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Muhammad Muhktar Musa
Muhammad Muhktar Musa

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Javascript concept you should know

We will go from the easier ones to the more difficult ones. Let us start with our first concept.

let and var

what is the difference between the keywords let and var. First var has been in javascript since the beginning while let was introduced in ES2015./ES6. Lets say your browser has not been upgraded in a decade. let will not work on such browsers. Secondly, let has a block scope which means a variable defined with the let keyword will die at the end of the block it is defined compared to var which has functional scope which means it doesn't respect all of the block except the function block. So it will die at the end of the function it is defined not the block. The third difference is the var is gets hoisted at the top of the function while variable defined with let doesn't get hoisted. Let us look at it in play


 let z = function () {

  if (true) {
    //console.log(y)
    //console.log(m)

    var y = 2;
    let m = 3;

  }
  console.log(y)
  console.log(m)
}
z();
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We can see that the variable y gives us 2 which means that it exist outside the block giving it a function scope while variable m gives an undefined which means it does not exist outside the block.
Similarly if we call the functions inside the block before the definition of the variable


 let z = function () {

  if (true) {
    console.log(y)
    console.log(m)

    var y = 2;
    let m = 3;

  }
}
z();
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the variable y is undefined because its definition gets hoisted but not the value. That is why it does not give an error but m gives an error because it does not exist before its definition.

Difference between === and ==

The double equal sign and the triple equal sign are both comparison operators. Which means they would compare values on their left hand and their right side. The difference is when using the double equal sign it compares values but does not compare type. The triple equal sign compares both the value and type. Let us look at this in play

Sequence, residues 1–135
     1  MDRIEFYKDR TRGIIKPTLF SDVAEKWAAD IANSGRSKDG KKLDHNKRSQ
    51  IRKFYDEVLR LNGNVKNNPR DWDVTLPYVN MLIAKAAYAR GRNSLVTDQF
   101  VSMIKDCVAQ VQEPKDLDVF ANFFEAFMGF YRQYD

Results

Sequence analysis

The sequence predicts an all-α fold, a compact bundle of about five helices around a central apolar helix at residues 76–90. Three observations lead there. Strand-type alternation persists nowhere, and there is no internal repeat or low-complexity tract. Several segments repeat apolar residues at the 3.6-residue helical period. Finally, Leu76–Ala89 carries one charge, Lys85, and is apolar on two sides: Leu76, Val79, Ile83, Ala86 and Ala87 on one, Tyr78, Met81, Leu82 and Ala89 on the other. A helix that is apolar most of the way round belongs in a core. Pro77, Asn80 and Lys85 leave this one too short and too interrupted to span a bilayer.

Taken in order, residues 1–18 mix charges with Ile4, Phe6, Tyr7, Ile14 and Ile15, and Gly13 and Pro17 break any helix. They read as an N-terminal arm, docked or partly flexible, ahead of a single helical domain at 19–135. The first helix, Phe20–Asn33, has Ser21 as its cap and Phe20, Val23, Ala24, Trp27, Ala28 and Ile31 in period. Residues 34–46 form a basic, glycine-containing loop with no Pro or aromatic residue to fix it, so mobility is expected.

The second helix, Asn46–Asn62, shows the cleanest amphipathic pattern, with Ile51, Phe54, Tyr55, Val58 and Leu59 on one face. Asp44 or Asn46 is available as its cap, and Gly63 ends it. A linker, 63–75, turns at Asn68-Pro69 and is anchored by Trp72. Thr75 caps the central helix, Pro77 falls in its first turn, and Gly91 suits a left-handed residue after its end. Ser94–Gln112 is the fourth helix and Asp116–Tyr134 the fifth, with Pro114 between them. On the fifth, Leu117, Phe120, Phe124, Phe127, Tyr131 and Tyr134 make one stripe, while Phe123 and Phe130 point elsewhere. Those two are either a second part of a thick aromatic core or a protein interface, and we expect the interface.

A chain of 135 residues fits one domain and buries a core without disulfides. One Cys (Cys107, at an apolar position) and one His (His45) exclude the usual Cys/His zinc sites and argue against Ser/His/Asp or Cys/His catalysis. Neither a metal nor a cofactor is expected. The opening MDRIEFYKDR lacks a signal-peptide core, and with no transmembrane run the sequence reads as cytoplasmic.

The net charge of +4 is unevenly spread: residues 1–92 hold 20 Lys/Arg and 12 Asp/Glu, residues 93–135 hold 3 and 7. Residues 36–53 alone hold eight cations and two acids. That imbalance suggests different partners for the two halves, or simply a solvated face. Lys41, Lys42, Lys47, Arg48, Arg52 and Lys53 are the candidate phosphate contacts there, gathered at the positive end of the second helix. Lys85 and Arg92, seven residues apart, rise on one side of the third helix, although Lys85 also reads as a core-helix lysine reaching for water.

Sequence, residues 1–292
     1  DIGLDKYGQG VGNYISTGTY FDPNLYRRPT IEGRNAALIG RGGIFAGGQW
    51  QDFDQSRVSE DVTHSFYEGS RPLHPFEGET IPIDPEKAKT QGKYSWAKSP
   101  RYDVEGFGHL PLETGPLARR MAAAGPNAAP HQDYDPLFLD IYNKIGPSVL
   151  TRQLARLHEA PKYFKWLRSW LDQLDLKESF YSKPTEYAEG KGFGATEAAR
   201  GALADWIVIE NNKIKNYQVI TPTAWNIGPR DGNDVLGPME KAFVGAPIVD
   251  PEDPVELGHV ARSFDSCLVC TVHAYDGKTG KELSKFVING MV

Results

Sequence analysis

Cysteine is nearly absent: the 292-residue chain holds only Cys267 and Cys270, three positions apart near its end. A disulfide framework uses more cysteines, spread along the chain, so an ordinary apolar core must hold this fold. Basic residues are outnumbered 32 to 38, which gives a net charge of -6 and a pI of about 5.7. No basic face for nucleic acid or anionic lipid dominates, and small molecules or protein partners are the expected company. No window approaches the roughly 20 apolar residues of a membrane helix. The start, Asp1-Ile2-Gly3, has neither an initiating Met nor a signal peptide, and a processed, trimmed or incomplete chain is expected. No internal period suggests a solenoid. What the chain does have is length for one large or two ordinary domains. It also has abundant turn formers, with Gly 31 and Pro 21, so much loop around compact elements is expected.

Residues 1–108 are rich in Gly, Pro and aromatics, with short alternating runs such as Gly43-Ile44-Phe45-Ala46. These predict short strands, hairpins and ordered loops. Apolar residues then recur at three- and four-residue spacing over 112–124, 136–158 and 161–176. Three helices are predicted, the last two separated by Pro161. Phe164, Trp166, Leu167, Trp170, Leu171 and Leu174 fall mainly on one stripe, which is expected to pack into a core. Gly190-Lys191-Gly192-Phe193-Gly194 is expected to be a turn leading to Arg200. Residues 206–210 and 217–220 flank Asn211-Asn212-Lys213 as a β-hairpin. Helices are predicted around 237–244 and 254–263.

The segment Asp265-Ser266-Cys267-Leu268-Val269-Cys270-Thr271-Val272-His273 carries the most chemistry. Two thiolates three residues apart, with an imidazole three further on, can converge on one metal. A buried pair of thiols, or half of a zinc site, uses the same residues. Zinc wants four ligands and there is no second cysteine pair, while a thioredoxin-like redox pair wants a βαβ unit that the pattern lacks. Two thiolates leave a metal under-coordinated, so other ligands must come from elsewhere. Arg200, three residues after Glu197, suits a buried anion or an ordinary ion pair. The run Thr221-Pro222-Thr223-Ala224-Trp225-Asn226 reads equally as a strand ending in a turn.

if('3' == 3) {

}
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What happens is that in order to compare using the double equal sign, first it will make the value on the left side equal to the value on the right side. It will try and convert both to a string. That way it will say true. Right side equal to left side. The double equal sign does not compare types it actually converts one type to reflect the other. When we use the triple equal sign it does not try and convert anything, it just says well the left side is a string and the right side is a number so it is not true.

Keyword let and const

The let and const keywords are used basically to define variables. After the first assignment of value using the const keyword you cannot reassign another value or change type compared to let which allows all this changes. For example

 let l = 3;
l = 5;
console.log(l);

const h = 6;
h = 3;
console.log(h);
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We get 5 for the let keyword while the const keyword throws a typeerror. The variable using a const keyword can be modified if its an object but values cannot be reassigned to it.

undefined and null

undefined and null in javascript both represent empty values but the difference is that when you define a variable and not assign a value to it, it automatically puts a placeholder which is called undefined. javascript does this so you don't have to do it. null meanwhile can be set by yourself. If we check the

typeof(null);
  typeof(undefined);
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typeof undefined gives undefined while typeof null gives an object.

The arrow function
let person = {
  firstname:'',
  lastname: '',
  setname:function(name){
    let splitname = function(n){
      let newarray = n.split(' ');
      this.firstname =  newarray[0];
      this.lastname = newarray[2]
    }
    splitname(name)
  }
}
person.setname('hello man');
console.log(person.firstname);
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We have this object called person and it also has properties firstname and lastname. It has a function inside called setname and it takes the argument name and splits the fullname into firstname and lastname. This splitting is done by an inner function which is a private function. Because the function is inside of a function it has its own this. As it is not a constructor it will set the the this to the windows object. If we run the above code it will give us nothing

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it is because it is setting to the windows object. So if we say

window.firstname
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we get
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Here is a perfect scenario to use the arrow function. The way to do it is to remove the function keyword and insert the arrow function

let person = {
  firstname:'',
  lastname: '',
  setname:function(name){
    let splitname = (n) => {
      let newarray = n.split(' ');
      this.firstname =  newarray[0];
      this.lastname = newarray[2]
    }
    splitname(name)
  }
}
person.setname('hello man');
console.log(person.firstname);
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Now if we run the

person.firstname
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we get hello because it does not have its own this it is automatically setting it for setname which is person object.

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